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|Consult with Your Dentist About White Spots|
White spots on the gums are often the result of irritation to the delicate tissues inside your mouth, especially irritation resulting from rough or ill-fitting dentures, partials and other dental appliances. Sometimes white spots on the gums are a sign of gum cancer.
Your dentist can help you determine the cause of the white spots on your gums and take a biopsy when necessary to rule out cancer of the gums. Your dentist can suggest a course of treatment and monitor the healing process to ensure the white spots on your gums fade as quickly as possible.
Dentists use the medical term “leukoplakia” to describe white spots on gums. Leukoplakia affects the mucous membranes lining the inside of your mouth. During leukoplakia, thick white patches develop on your gums. These white spots may also develop on the inside of your cheeks, on the bottom of your mouth and, sometimes, on your tongue. You cannot scrape leukoplakia white spots off your gums or other areas of your mouth.
Leukoplakia patches are often white in color but may be gray in some areas. These spots usually have an uneven shape and have a slightly raised, firm surface. Contact with spicy or acidic foods may cause pain. Sometimes the white spots have a fuzzy appearance, a condition doctors call “hairy leukoplakia.”
Dentists do not yet know what causes leukoplakia but they think the condition may be the result of irritation. Rough teeth, dentures or dental work may cause oral irritation in some people, as can tobacco use – especially pipe smoking – and alcohol use. Research shows that leukoplakia is most common among elderly people.
White spots on the gums are usually harmless and go away after a few days or weeks. Avoid alcohol and stop all tobacco use, including cigarettes, cigars, pipes, and chewing tobacco if you use these products.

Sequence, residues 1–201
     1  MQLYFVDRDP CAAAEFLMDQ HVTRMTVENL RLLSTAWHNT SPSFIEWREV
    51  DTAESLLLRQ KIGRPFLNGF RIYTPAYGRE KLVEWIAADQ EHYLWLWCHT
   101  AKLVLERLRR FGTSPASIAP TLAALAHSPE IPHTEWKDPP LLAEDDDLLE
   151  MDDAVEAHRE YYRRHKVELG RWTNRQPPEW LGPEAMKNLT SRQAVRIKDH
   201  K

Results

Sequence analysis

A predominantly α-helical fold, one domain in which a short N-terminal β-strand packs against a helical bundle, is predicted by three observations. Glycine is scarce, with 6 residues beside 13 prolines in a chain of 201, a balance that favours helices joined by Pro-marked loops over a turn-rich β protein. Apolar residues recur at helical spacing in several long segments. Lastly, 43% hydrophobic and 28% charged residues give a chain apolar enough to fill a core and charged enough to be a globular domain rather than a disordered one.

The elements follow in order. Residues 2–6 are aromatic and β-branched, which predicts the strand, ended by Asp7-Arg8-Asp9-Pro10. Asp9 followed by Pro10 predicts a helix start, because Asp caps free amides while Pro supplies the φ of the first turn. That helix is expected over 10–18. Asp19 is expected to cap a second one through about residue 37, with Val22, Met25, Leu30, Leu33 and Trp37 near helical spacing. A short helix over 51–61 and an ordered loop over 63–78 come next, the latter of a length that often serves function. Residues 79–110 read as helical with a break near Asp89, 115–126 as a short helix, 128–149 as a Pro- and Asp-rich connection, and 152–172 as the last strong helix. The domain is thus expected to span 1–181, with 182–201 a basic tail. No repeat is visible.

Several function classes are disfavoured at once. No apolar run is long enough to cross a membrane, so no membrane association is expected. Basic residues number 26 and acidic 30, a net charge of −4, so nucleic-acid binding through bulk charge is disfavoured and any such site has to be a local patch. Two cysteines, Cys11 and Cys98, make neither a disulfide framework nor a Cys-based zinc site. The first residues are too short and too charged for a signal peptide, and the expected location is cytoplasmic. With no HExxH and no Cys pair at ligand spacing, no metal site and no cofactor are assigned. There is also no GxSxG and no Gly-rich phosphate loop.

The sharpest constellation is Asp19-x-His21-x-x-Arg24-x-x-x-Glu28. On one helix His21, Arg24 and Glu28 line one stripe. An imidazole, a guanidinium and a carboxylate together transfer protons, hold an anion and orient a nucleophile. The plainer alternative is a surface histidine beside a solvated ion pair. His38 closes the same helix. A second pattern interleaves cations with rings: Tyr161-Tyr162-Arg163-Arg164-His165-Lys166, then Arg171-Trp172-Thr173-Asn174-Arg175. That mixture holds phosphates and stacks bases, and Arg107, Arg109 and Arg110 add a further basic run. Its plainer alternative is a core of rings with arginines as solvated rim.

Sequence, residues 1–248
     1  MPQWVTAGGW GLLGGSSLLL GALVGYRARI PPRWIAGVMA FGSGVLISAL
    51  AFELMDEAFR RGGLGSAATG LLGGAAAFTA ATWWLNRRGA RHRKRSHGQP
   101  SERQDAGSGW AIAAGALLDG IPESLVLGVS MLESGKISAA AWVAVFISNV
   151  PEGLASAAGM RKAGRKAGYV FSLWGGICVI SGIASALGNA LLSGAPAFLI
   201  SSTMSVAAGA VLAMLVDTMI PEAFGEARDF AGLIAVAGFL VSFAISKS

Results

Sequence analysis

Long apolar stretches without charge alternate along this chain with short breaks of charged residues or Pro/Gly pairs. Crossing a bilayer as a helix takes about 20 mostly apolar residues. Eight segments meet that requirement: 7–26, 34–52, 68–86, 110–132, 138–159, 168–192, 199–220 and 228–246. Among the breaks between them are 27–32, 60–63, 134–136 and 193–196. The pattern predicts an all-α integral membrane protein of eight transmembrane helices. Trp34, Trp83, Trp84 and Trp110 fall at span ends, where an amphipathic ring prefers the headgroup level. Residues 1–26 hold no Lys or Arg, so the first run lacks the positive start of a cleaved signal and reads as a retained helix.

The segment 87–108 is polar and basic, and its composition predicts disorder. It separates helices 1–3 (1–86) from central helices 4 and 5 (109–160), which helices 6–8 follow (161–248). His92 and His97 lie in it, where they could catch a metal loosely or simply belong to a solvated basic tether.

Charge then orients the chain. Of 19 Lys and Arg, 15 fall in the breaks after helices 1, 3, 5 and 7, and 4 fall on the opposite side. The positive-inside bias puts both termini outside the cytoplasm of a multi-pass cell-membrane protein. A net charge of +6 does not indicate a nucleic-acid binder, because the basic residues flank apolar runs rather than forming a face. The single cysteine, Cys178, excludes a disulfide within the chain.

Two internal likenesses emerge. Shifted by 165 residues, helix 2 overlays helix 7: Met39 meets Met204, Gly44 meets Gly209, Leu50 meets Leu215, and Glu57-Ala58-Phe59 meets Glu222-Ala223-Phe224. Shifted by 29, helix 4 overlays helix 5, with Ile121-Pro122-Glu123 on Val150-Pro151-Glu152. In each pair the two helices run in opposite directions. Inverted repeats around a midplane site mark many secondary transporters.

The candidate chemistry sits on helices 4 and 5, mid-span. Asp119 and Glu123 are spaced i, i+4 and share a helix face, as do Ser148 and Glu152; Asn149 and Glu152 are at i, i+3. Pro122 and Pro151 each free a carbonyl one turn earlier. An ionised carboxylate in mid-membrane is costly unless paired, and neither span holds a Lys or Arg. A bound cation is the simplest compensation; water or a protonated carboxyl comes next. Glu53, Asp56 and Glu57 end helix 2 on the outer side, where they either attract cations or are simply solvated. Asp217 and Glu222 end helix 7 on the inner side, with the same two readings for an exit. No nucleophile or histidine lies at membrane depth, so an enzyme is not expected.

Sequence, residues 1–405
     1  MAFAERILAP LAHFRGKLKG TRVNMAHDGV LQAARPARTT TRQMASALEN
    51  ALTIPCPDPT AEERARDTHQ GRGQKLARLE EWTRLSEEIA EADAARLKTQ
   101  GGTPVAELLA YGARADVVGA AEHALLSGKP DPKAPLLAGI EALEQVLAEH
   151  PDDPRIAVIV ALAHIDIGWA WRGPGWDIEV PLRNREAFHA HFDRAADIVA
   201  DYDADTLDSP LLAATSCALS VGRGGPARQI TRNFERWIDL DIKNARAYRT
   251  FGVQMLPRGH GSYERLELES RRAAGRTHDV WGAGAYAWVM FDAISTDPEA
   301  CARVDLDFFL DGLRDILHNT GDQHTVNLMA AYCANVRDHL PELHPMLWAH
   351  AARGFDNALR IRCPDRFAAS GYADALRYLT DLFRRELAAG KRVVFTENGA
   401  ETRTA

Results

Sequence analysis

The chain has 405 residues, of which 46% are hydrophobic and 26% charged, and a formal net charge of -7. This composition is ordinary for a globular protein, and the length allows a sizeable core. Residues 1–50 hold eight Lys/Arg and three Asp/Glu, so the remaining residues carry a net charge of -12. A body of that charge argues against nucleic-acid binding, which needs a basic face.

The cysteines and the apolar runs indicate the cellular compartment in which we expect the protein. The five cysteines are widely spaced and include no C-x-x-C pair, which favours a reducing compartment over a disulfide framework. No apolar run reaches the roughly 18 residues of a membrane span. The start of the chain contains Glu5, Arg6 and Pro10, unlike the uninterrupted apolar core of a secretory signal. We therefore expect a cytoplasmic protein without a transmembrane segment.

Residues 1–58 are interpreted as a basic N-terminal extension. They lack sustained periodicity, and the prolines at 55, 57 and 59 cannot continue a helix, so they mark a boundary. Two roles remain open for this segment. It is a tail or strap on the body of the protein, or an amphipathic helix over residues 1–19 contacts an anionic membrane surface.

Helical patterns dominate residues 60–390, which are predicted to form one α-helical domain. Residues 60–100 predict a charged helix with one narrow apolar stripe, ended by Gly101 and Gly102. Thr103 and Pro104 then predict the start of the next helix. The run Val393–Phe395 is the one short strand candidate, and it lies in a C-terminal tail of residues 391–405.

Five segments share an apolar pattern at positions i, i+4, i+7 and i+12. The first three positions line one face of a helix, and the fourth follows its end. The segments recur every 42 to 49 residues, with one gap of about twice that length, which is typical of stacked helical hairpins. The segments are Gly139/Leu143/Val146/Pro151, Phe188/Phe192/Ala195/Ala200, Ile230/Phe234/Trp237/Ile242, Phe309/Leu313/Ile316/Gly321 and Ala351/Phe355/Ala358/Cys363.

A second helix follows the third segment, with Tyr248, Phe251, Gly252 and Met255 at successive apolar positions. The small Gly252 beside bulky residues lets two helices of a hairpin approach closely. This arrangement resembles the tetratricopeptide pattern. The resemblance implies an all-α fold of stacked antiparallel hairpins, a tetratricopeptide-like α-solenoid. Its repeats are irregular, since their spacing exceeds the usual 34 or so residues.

Consult with a dentist if you think dental work is irritating your gums or mouth, or if the white spots on your gums are especially painful or prevent you from eating, talking, or wearing your dental appliances. Always consult with a dentist if you are concerned that the white spots on your gums are a sign of something more serious. A healthcare professional will examine the white spots and may even take a biopsy, or small sample of the diseased tissue, to send to the medical laboratory for further examination.
National dental organizations warn that white patches on your gums can also be a sign of gum cancer. These experts recommend you return to your healthcare professional for re-evaluation and who will consider performing a biopsy if the white spots on your gums do not heal within two weeks.
National Institute of Dental and Craniofacial Research, “Detecting Oral Cancer: A Guide for Health Care Professionals.” July 2013.
Vyas, Jatin M. MD, PhD, “Leukoplakia.” U.S. Library of Medicine. Sept 2013.
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